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This question already has an answer here:

I have a question with this below program

Please see the program below

public class Kiran {

    public static void main(String args[]) {

        String str = "Test";

        str.replace('T', 'B');

        System.out.println("The modified string is now " + str);


What i was expecting is that , once i run this program , i should see the putput as Best , but to my surprise the output was Test .

Could anybody please tell me , why is it this way ??

Thanks in advance .

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marked as duplicate by Pshemo java Feb 3 at 19:37

This question has been asked before and already has an answer. If those answers do not fully address your question, please ask a new question.

Why would it change? Please use the documentation to provide supporting information when making a case for this counter-question. (Many "why doesn't" questions can be answered or refined by looking at the "why does/how does".) – user166390 Jun 8 '12 at 15:16
up vote 12 down vote accepted

String are immutable in Java, which means you cannot change them. When you invoke the replace method you are actually creating a new String.

You can do the following:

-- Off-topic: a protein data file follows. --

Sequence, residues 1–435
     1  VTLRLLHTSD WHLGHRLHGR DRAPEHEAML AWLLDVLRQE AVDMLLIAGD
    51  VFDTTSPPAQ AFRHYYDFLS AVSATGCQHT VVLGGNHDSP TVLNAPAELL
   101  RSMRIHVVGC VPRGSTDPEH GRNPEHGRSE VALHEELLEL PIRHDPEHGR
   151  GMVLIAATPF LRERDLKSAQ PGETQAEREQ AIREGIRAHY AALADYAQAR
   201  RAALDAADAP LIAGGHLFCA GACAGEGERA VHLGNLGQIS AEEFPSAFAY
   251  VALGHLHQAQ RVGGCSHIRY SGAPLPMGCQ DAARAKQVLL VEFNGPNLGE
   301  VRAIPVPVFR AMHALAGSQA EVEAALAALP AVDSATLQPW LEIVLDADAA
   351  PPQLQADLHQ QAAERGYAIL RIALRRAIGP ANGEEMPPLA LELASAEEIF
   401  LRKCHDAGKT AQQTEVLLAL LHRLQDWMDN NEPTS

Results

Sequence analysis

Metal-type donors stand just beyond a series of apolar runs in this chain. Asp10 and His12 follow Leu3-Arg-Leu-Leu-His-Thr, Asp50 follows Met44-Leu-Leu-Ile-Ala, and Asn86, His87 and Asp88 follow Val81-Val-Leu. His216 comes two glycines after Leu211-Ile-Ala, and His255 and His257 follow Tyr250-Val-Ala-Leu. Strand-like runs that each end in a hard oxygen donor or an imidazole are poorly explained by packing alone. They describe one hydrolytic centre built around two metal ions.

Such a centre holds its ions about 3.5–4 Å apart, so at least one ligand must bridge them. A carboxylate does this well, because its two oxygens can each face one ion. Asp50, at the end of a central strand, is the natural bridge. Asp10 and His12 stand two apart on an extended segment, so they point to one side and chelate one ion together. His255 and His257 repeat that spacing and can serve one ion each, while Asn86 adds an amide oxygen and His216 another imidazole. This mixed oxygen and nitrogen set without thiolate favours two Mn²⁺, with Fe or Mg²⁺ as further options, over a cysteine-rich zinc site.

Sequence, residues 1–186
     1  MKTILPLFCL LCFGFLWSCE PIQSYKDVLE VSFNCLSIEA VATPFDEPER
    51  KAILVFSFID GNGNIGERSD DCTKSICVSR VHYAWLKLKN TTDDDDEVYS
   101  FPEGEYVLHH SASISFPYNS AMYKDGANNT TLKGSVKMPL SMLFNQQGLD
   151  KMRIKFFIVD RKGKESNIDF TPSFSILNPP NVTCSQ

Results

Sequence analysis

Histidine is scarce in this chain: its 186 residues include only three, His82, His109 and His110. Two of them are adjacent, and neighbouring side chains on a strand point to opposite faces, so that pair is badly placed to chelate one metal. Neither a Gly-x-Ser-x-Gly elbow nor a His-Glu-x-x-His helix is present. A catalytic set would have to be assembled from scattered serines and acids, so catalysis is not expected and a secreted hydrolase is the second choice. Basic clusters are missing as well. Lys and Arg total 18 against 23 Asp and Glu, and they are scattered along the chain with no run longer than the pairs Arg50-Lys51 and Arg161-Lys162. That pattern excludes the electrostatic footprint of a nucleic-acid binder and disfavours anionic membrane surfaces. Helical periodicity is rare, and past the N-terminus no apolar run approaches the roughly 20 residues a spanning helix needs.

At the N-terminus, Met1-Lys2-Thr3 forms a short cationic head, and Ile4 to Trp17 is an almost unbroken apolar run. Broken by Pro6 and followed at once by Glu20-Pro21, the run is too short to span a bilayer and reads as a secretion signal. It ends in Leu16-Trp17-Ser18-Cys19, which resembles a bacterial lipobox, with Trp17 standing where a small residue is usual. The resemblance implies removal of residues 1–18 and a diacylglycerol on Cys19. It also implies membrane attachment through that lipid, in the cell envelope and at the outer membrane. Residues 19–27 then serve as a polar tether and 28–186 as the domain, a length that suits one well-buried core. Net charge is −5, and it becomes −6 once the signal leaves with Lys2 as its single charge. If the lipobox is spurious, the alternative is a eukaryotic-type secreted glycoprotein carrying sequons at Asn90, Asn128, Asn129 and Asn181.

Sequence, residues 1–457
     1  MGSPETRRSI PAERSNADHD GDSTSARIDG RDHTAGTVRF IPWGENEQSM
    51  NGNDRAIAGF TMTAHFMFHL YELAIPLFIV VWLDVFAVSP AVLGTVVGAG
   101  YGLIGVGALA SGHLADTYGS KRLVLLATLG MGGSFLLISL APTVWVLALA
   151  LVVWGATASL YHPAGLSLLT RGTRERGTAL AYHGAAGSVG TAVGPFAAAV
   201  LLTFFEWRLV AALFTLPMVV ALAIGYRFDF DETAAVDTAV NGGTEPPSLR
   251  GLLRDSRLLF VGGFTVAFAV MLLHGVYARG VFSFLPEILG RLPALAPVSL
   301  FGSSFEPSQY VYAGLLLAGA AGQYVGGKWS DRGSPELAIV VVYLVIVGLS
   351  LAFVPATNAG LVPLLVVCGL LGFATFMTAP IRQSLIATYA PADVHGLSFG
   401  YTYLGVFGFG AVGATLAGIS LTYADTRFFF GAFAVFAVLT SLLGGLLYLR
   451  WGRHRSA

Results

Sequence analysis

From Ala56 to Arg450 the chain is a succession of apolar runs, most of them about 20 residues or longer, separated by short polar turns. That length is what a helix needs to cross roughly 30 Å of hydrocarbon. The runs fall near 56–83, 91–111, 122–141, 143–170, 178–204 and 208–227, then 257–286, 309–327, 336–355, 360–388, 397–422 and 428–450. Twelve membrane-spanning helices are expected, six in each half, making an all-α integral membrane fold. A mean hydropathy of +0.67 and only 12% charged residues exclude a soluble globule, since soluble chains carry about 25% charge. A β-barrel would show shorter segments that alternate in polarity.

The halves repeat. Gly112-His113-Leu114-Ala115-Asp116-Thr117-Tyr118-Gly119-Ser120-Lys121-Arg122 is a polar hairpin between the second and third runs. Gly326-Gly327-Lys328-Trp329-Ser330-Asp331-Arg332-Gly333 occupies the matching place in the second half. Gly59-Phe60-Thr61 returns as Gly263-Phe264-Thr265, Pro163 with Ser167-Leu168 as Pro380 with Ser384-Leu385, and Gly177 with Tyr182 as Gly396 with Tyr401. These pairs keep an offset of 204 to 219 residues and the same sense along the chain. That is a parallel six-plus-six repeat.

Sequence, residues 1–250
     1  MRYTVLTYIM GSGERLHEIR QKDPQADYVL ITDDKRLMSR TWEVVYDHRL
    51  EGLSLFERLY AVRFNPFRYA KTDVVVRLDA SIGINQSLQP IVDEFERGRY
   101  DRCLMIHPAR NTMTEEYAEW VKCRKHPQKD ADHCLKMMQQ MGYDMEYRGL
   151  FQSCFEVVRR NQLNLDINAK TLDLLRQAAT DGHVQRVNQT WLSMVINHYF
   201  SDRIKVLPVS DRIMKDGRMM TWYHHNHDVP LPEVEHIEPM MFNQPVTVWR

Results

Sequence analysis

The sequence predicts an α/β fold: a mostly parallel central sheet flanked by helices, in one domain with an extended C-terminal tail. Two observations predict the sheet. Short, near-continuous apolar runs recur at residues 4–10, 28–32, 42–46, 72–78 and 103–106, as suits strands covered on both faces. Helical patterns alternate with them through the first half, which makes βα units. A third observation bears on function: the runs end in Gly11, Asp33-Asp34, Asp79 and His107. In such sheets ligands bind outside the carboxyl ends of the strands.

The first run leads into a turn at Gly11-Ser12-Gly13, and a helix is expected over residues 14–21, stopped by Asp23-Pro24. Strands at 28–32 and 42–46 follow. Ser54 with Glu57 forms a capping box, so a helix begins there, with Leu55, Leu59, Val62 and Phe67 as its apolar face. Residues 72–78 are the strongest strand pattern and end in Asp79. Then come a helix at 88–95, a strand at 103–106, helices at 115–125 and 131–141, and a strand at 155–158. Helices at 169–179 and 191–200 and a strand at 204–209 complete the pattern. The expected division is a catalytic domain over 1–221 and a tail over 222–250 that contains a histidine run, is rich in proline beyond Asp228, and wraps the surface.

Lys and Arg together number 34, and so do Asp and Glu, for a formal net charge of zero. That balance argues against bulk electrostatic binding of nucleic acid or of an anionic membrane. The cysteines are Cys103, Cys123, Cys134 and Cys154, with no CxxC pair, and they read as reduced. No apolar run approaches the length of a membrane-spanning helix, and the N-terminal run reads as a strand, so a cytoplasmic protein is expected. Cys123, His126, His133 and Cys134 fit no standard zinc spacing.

String str = "Test";
str = str.replace('T', 'B');

Which is a reassignment.

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String.replace does not change the string content but returns the result of the replacement. You should do the following instead

str = str.replace('T', 'B');
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Thanks a lot , for explaining . – Preethi Jain Jun 8 '12 at 15:03
Sure no problem :) – GETah Jun 8 '12 at 15:04

Strings in Java are immutable - they cannot be changed. When you use a function like str.replace, rather than changing the string in-place, it returns a new String object with the change you requested made to it. This is explained in the documentation for String:

Returns a new string resulting from replacing all occurrences of oldChar in this string with newChar.

For future reference, the documentation for Java is incredibly thorough, and explains in detail what arguments methods expect, what they return, and what side-effects (if any) they have.

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String class is immutable. So whatever operation you did on a String object will return a new String object.

You must assign the result of the replace operation to a String variable, so that you can get the result.

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String objects are immutable in java i.e. whenever a modification is done on a String instead of modifying it a new String object is created in the memory.

The method str.replace('T', 'B') created a new String object in the heap memory but that object is not referenced by any string variable. To refer to that object you will have to assign it to your String variable:

str = str.replace('T', 'B');
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In addition to the above answers, if you are going to be modifying (adding/removing) data extensively, you will be better off using StringBuffer (thread safe) or StringBuilder (not thread safe) & cast it to String once done with the modifications.

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